EL SEGUNDO, CA -- With help from heavy marketing investment, differentiated technology and a willing user base, Microsoft Corp. surpassed its Kinect sales expectations for 2010 and also outperformed its cheaper rival, Sony's PlayStation Move. Microsoft initially had provided a conservative worldwide sell-in forecast of 5 million Kinect units. As it turned out, Microsoft beat that by a large margin, managing a retail channel sell-in of 8 million units by January 4, 2011. Actual worldwide Kinect device sell-through to consumers hit 6.36 million at the end of 2010.
In comparison, Sony posted sell-through figures of 5.23 million Move controllers by the end of 2010 in three types: standalone, starter kit—including camera—and as part of a console bundle. IHS estimates the sell-through enabled 4.26 million PS3s to play Move content on a worldwide basis, as more than one Move controller can be used by a single console. Sony's marketing investment in Move was dwarfed by Microsoft’s. And although the cheapest standalone Move controller was $100 lower than Kinect, Sony’s marketing investment showed in sales. Move went on sale more than a month earlier than Kinect.
Territory-specific performance for Kinect and Move, alongside five-year forecasts for the technology, can be found at:
Even though both companies spent millions on advertising, ultimately the sales reflect the more user friendly choice. Nintendo has held the market for years with the Wii. Sony has a huge following and according to some people a better platform and games. Where Microsoft did things right was allow for user response without relying on a remote. With Microsoft having a cheaper version of Xbox combined with Kinect, they will see more console sales just to use the Kinect system.
EBN Dialogue enables and encourages you to participate in live chats with notable leaders and luminaries. Not only editors and journalists, but the entire EBN community is able to comment and ask questions. Listed below are upcoming and archived chats.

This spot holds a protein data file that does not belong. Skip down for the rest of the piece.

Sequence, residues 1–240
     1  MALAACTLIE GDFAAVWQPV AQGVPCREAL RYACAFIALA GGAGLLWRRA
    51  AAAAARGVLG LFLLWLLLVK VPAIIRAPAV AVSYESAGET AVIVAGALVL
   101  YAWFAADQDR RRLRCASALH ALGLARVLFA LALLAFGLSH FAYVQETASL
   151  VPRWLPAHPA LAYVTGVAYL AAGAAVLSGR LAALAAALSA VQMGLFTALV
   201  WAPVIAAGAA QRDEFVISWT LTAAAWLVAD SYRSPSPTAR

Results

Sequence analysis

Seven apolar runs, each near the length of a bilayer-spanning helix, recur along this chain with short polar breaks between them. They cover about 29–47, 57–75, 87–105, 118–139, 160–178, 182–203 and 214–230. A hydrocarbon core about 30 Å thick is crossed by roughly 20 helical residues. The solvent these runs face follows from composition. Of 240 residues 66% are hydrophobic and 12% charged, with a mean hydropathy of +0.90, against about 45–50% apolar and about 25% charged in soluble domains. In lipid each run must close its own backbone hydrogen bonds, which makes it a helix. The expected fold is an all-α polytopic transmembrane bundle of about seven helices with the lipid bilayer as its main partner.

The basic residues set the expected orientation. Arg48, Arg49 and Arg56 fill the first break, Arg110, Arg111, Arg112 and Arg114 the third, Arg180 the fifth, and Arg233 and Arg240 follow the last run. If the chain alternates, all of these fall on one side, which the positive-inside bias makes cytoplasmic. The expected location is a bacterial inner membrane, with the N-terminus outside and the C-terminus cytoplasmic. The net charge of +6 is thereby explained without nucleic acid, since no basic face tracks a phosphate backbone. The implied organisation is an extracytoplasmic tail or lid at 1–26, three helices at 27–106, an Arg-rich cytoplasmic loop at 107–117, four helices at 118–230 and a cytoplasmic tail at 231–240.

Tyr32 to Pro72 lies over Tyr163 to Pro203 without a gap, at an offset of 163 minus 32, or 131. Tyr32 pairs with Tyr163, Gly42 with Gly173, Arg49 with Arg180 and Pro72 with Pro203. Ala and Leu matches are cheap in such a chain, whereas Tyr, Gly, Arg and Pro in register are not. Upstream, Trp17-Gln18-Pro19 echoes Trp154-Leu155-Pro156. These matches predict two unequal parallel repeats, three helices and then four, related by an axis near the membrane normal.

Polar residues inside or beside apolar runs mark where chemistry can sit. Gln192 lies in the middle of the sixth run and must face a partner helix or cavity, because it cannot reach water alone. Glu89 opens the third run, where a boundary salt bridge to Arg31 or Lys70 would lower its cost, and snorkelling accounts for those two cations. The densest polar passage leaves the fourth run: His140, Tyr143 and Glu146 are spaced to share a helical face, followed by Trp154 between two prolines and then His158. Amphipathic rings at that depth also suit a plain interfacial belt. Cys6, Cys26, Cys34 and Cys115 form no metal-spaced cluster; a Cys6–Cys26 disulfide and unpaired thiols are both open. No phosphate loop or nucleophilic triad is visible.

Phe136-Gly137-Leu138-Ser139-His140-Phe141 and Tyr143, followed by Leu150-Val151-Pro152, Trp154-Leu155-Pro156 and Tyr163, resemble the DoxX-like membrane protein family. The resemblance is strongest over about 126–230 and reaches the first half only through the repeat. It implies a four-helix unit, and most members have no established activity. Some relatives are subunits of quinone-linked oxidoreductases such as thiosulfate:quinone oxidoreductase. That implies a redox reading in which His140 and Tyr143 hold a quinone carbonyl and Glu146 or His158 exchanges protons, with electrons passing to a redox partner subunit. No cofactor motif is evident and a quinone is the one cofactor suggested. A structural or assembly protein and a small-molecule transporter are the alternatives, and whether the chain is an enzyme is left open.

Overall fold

Thailand Stages a Comeback Join EBN contributor Jennifer Baljko on Thursday August 23, 2012, at 11:00 a.m. EST for a live chat on how electronic manufacturers in Thailand have shored up their supply chain to reduce the impact of future natural disasters.
Microsoft Surface: Potential Winners & Losers What are the implications for the electronics industry supply chain of Microsoft Corp.'s decision to launch its own tablet PC? Join industry veteran and EE Times' systems and OEM expert Rick Merritt on Tuesday, July 3, at 12:00 pm EDT for a Live Chat on this subject.
Join EBN contributor Jennifer Baljko on Thursday August 23, 2012, at 11:00 a.m. EST for a live chat on how electronic manufacturers in Thailand have shored up their supply chain to reduce the impact of future natural disasters.
Peter Drucker famously said "Trying to predict the future is like trying to drive down a country road at night with no lights while looking out the back window." Yet in the razor's-edge world of electronics—with a lean supply chain and just-in-time demands—the need to know the future is vital.
You've heard the saying "the No. 1 supply chain risk is your people." That hasn't always been the case. But today's complex global supply chain requires a new type of multitalented employee. It's one who understands, finance, marketing, economics, is savvy with technology, graceful with relationships and can think analytically.
Where are these people? Are universities properly preparing the next generation supply chain professionals? How do train your existing workforce for these new, demanding positions?
Brian Fuller, editor-in-chief of EBN, will lead a 60-minute Avnet Velocity panel discussion that will ask and answer these and other questions swirling around today's supply-chain talent challenges.